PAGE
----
Imagine, if you will, that there is a planet covered entirely with water. It is one continuous ocean, called the Ocean of Self. It is deep and at rest, while at the same time, winds on its surface create waves. Some of these waves are small, and some great. Each wave is named by the ocean, as a way of experiencing itself, but all the while the Ocean knows it is all of the waves. No wave is separate from this Ocean of Self and there is but one Ocean of Self.
Each wave, however, has been given a name and each wave is tracked in its long journey across the surface of the Sea of Self. We may name one particular wave, Samuel V. Kirkpatrick. Sam has reached a stature of six feet high, and has traveled with his wife, Anna Marie for seventeen years now, side by side through thick and thin, hurricanes and balmy days, moving together through time. Friendly waves are always in sight, not too close, not too far.
One day, an unexpected event occurs. Land has risen from the depths. Not only has this disturbing occurrence actually happened, but they are both heading toward this land. One will surely reach the shore before the other. They both know which of them will wash up on the shore first. Closer and closer that moment comes, and then, as foreseen, Samuel reaches the shore, washes up onto its sands, and Anna Marie watches as Samuel disappears. Anna Marie feels great sorrow and loss. Where has Samuel gone? Will they ever meet again?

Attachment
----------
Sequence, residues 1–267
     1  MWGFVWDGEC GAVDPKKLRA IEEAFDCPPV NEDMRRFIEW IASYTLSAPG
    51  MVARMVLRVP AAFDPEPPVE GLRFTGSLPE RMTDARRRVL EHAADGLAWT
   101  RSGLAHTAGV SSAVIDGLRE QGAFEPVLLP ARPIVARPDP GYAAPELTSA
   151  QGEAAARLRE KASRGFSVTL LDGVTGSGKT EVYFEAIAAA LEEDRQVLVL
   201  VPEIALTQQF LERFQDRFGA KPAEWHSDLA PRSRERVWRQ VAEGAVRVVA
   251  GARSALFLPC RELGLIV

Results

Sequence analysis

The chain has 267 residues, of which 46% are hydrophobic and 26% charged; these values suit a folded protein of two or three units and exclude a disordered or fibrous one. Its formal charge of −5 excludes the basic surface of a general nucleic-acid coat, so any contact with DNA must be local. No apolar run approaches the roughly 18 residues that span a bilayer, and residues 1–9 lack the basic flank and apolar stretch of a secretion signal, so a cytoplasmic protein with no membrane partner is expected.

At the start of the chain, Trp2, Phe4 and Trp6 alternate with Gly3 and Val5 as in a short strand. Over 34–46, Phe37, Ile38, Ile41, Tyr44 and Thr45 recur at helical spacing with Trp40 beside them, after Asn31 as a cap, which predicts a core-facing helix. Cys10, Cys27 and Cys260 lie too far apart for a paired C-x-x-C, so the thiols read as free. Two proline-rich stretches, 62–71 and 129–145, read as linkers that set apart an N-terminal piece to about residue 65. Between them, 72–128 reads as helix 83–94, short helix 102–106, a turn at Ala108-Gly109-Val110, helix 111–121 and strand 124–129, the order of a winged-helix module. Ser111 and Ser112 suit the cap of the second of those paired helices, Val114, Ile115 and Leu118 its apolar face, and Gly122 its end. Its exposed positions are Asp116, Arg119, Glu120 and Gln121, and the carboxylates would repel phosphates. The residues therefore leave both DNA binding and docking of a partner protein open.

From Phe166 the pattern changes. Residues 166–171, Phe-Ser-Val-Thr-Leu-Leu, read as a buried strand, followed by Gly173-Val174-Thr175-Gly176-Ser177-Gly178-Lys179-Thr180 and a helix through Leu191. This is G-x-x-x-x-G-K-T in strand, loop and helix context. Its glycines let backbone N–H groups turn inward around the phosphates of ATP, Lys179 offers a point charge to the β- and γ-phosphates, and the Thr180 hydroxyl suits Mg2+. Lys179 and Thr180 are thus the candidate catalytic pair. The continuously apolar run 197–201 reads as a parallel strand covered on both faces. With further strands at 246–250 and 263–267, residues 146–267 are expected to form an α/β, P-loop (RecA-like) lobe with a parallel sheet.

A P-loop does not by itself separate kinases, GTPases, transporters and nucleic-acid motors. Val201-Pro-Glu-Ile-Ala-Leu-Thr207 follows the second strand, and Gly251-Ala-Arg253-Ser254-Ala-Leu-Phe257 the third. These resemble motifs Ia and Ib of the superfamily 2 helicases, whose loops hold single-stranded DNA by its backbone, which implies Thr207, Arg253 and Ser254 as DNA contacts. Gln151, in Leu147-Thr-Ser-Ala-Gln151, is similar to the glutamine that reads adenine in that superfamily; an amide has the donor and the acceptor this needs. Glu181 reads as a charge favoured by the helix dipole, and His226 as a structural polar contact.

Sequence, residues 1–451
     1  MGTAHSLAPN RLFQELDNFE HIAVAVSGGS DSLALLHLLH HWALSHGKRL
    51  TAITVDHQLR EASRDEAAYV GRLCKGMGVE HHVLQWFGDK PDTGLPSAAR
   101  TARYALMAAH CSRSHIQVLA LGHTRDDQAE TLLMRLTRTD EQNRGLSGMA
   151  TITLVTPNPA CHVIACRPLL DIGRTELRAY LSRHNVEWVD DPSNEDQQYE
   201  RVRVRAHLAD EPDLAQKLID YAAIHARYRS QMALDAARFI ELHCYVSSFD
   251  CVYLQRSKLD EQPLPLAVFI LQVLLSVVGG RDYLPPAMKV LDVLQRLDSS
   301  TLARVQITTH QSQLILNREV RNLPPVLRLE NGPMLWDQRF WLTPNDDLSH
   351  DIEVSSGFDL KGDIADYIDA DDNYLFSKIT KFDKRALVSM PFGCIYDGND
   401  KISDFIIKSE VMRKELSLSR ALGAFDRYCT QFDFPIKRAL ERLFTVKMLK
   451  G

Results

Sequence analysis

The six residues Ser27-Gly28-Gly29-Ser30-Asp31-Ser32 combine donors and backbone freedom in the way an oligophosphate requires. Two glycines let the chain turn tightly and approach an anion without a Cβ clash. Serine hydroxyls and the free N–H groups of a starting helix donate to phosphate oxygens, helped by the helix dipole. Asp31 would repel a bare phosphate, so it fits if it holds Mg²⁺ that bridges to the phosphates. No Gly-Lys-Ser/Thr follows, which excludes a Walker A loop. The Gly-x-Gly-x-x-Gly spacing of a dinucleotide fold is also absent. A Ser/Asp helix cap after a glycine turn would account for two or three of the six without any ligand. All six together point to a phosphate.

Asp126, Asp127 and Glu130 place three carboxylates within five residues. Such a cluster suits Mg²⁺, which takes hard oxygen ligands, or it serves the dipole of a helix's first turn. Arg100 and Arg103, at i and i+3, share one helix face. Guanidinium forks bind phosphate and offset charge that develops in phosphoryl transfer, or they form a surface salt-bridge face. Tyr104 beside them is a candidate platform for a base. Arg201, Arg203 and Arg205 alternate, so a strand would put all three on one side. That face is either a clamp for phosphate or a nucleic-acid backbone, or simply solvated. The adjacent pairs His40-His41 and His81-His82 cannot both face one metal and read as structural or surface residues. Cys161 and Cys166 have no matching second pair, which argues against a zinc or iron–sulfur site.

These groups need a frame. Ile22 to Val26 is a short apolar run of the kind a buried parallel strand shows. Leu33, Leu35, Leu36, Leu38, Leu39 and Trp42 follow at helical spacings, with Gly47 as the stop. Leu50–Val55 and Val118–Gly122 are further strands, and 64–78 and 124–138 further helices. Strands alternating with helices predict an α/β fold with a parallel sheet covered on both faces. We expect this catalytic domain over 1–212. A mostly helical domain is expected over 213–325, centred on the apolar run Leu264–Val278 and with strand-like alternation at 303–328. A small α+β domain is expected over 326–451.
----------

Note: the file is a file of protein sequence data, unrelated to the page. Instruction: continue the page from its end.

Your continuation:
In a day or so, the same fate will happen to her. As the day of beaching arrives, she too washes ashore, and she falls back into being the entire Sea. She remembers that she was never the individual wave, but she herself is the Ocean of Self. So, too, is “Samuel”. They see that they are one and the same Ocean of Self. They recognize that they could never be separate from one another, because they are truly the one Ocean. Like a puppet theater, two hands of one puppeteer, they played at being separate, pretended to be close and then farther apart, fancied what it would be like to be limited in time and space, for the sake of feeling all of that, and enriched their experience of eternal being as this Ocean. Now they see that nothing can ever be lost. They are a constant, they are deep, abiding peace. They are not the individuated waves, vulnerable and limited, that come and go upon the surface of the Great Self.
This realization sets them free. They wish to experience being the waves once again, but this time, knowing full well that they are in no danger of being destroyed. Or, they may wish to be the waves in order to set other waves free from the fears those waves have of perishing, which are false fears and illusions that torment the waves that struggle so hard to simply be. Waves will splash, they will merge in momentary reenactment of their true oneness, separate, and they may well crash against a shore, but in truth they are none of it, yet each one is clearly all of the waves at once.
What was once a mystery, is now simply descriptive of what is so. They may leap back into being another wave of identification with the surface, or, they may choose to sink into the deep rest of being the Ocean itself. They may become exhausted by the tumultuous surface splashing and drama. They may also go back and forth between both experiences. It is all as they ultimately choose. They have eternity to experience all that they may conceive of experiencing in a sea of limitless possibilities. Rest from it all is always as close as relaxing down into it, deep, deep, deep.
Drawing, ” Settling Down”, and article by Ross G. Drago
Paint Rag Magazine